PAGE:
Gov. Brian Kemp is calling Georgia lawmakers back to the Capitol on Nov. 3 to redraw congressional and legislative districts, he announced Thursday. Legislators are already busy drawing new lines, with majority Republicans looking to increase the number of congressional seats that their party holds, while preserving control of the state House and Senate. Kemp in July had pledged to […]
FILE – In this March 16, 2021, file photo, Georgia Gov. Brian Kemp speaks during a news conference at the Georgia State Capitol, in Atlanta. (Alyssa Pointer/Atlanta Journal-Constitution via AP, File)
Gov. Brian Kemp is calling Georgia lawmakers back to the Capitol on Nov. 3 to redraw congressional and legislative districts, he announced Thursday.
Legislators are already busy drawing new lines, with majority Republicans looking to increase the number of congressional seats that their party holds, while preserving control of the state House and Senate.
Kemp in July had pledged to make anti-crime bills a part of the special session, but did not include any in the call. Spokesperson Katie Byrd said Kemp would instead focus on crime during the 2022 regular session. House Republican leaders had indicated they didn’t want crime on the redistricting session agenda. Other substantive bills might be used for leverage in what is one of the General Assembly’s most personal and partisan duties.
“Our office is currently working on a robust public safety package to accomplish that goal,” Byrd said. “The Georgia House and Senate are also currently conducting fact-finding public safety hearings, and will continue to do so through the end of this calendar year.”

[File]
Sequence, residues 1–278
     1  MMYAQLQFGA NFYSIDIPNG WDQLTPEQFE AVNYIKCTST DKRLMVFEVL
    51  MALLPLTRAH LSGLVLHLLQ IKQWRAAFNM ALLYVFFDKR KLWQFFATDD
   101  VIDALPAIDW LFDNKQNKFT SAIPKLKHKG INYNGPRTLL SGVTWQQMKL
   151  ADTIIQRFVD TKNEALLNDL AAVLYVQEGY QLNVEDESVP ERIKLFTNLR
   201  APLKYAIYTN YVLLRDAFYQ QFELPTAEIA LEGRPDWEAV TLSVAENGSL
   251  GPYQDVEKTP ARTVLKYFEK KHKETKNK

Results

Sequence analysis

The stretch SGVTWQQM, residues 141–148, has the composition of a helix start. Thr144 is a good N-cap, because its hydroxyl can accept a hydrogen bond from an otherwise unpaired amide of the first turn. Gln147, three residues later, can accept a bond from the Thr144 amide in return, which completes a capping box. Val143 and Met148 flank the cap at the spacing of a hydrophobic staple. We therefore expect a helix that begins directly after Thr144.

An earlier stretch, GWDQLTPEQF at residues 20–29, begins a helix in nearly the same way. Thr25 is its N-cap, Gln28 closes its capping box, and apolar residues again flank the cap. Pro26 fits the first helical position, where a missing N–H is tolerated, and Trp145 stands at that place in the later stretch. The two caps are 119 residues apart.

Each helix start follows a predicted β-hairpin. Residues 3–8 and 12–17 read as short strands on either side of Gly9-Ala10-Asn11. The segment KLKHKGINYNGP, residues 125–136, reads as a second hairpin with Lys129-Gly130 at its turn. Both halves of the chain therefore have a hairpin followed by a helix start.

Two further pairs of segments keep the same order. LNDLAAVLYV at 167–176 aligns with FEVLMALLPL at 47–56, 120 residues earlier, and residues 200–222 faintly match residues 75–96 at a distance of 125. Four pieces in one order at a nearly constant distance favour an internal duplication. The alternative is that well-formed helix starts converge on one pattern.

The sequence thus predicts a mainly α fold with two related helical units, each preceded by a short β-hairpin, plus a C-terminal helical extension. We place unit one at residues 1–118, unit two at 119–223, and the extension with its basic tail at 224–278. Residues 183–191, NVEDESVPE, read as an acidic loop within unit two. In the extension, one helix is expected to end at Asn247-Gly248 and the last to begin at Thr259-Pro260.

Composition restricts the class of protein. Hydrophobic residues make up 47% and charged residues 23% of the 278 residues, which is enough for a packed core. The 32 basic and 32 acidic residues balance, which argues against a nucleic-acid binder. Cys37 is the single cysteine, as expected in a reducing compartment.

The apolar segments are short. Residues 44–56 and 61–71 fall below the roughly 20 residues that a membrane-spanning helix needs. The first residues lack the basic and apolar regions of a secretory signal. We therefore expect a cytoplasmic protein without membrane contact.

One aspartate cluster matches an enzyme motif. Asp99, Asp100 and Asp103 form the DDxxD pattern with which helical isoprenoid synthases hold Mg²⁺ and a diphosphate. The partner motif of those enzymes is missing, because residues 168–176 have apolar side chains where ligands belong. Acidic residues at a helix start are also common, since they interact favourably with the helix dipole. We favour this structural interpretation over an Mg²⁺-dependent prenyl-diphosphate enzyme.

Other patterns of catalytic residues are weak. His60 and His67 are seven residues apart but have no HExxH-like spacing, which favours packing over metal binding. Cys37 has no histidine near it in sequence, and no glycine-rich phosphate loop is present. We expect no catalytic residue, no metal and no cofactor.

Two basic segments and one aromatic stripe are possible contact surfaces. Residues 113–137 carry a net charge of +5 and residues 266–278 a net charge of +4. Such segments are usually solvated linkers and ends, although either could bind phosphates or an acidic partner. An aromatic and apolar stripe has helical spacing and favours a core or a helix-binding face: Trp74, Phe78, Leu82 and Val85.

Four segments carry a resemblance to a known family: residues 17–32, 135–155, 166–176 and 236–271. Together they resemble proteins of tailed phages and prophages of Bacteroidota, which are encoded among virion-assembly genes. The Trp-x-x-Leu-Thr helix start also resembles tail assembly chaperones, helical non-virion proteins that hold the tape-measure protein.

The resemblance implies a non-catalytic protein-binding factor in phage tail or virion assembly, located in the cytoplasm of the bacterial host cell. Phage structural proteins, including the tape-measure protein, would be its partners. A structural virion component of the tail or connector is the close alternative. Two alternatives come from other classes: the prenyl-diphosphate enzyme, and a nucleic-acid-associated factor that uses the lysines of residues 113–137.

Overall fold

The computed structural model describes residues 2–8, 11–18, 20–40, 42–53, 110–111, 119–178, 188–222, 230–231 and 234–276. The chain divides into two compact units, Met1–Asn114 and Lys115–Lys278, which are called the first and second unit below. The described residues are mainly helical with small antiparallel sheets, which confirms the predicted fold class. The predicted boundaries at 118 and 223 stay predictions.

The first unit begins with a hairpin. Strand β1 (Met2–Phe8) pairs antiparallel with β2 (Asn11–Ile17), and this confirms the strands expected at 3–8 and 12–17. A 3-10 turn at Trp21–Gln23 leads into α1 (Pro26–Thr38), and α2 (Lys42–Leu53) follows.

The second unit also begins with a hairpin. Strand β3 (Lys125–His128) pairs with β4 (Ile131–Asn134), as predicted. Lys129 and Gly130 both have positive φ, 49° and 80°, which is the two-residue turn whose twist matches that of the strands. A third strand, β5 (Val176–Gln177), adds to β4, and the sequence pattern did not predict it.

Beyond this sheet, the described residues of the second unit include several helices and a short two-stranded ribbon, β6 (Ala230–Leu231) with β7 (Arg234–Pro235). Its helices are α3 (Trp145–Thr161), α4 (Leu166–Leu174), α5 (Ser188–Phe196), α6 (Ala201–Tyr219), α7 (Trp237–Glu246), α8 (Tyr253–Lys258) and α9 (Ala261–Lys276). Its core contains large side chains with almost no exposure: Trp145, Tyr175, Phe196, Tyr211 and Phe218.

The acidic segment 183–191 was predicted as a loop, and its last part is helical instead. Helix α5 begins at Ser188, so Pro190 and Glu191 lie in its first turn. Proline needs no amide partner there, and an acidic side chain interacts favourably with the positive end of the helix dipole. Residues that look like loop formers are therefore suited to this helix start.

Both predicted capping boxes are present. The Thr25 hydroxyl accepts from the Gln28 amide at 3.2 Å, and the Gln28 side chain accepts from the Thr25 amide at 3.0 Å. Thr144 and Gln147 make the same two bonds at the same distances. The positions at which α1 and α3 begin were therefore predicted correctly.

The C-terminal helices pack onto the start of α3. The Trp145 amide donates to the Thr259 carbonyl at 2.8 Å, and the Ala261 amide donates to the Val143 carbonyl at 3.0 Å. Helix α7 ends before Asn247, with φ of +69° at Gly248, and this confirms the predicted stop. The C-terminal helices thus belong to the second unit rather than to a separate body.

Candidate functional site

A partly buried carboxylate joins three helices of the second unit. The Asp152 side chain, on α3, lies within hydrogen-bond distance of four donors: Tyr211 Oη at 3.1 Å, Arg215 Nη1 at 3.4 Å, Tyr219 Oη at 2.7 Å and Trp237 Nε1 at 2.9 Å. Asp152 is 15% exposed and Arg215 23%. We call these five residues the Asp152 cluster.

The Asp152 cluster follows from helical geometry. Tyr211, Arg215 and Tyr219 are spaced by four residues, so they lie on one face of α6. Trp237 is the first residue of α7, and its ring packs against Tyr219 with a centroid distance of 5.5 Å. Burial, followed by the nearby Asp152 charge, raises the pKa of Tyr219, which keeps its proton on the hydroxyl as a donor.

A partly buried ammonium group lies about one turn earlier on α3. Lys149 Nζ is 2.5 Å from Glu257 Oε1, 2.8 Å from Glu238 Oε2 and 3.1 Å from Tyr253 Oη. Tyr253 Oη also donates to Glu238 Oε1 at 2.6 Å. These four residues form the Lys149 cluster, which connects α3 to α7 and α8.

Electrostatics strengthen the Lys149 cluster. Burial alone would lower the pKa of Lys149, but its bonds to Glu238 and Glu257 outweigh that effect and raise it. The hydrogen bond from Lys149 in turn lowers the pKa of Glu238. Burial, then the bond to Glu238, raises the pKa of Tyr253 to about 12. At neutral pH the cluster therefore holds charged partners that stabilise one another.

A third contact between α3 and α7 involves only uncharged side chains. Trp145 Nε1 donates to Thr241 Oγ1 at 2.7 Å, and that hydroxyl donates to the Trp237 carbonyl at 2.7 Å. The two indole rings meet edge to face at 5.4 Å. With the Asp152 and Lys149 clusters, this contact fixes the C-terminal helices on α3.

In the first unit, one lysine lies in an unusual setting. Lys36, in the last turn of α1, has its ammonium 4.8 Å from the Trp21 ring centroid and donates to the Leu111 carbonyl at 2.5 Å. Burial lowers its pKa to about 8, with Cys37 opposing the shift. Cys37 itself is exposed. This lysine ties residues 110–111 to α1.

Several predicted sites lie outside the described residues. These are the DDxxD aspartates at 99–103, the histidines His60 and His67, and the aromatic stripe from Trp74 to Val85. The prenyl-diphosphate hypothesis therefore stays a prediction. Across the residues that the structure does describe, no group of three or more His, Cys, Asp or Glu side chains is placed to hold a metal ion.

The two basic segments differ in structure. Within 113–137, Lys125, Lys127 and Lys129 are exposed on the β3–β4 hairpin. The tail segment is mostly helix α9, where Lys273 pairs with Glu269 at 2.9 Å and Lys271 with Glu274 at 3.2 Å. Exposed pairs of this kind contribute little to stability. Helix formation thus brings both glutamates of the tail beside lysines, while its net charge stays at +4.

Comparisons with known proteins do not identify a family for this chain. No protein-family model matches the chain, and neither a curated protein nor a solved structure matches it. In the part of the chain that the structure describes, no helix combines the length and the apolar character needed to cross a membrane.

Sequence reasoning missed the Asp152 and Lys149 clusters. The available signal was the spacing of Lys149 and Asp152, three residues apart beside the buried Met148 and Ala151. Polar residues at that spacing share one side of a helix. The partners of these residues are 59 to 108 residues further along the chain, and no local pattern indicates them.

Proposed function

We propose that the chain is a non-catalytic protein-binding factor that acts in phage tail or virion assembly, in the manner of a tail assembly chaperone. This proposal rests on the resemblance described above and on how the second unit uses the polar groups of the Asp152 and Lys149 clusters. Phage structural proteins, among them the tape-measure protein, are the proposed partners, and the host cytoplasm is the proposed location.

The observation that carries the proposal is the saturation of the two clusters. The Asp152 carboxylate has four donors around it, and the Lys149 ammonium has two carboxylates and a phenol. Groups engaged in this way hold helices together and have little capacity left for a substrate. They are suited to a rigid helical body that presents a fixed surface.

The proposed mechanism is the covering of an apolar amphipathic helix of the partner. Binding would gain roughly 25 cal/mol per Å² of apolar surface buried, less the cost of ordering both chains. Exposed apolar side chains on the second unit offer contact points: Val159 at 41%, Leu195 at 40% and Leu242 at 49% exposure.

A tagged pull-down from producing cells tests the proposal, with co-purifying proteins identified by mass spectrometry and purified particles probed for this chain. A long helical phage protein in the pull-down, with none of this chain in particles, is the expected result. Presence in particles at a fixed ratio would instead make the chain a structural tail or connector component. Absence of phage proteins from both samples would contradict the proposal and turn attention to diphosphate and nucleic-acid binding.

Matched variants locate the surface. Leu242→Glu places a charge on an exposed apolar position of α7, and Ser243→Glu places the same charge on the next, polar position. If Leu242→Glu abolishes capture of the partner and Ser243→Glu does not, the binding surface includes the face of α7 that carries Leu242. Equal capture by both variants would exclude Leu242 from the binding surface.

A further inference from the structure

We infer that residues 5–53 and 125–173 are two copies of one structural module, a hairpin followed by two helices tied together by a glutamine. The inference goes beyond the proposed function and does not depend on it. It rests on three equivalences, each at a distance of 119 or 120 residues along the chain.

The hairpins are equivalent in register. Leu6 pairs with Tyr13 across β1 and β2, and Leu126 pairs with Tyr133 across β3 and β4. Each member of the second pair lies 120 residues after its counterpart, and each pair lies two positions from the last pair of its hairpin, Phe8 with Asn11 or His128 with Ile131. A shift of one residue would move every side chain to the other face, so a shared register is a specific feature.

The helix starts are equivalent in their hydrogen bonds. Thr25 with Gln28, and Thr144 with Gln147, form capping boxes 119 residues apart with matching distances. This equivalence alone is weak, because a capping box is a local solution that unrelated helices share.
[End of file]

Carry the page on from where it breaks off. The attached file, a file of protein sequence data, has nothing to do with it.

Activists have clamored for lawmakers to release draft maps far enough in advance of the session for meaningful public comment, but Republican leaders have indicated that’s unlikely. Some draft maps were released days before the session began 10 years ago. Committees approved the same guidelines in 2010, meaning lawmakers aren’t required to give the public an advance look or draw district with an eye toward making it possible for candidates from different parties to win.
The guidelines say lawmakers have to consider whether they are splitting counties or precincts, although not cities. Lawmakers must also consider whether a district is compact and whether communities of interest are kept whole. But there are no standards the guidelines say lawmakers should meet. The guidelines also say map drawers should avoid drawing incumbents together into the same district when it’s “unnecessary.”
For majority Republicans, the process could help them pry back one or more U.S. House seats in a 14-member delegation now split 8-6 in favor of the GOP.
Because the state constitution says that members of the state House and Senate must be residents of their district for at least a year before their election, the late start means that anyone who would like to move to run for a different district once the new lines are adopted won’t be able to. The 2022 general election is on Nov. 8. Congressional candidates face no residency requirement.
State and local governments must redraw lines for congressional, legislative and other electoral districts once every 10 years following the U.S. Census to equalize populations. The process helps determine which party will hold power for the following decade.
The state’s overall population rose nearly 10% to 10.7 million people over the decade, but Census results showed uneven growth, with most new residents concentrated in the Atlanta area and around Savannah. Most rural areas lost population.
Kemp did ask legislators to pass a law confirming his authority to suspend the collection of taxes on motor fuels, which he did by order while a key pipeline was crippled by hackers. He’s also asking lawmakers to amend the state tax code to conform with changes to the federal tax code.
The starting date could also limit the length of the session, with Thanksgiving only three weeks later. The state constitution limits a special session to 40 days unless three-fifths of each house votes to extend it.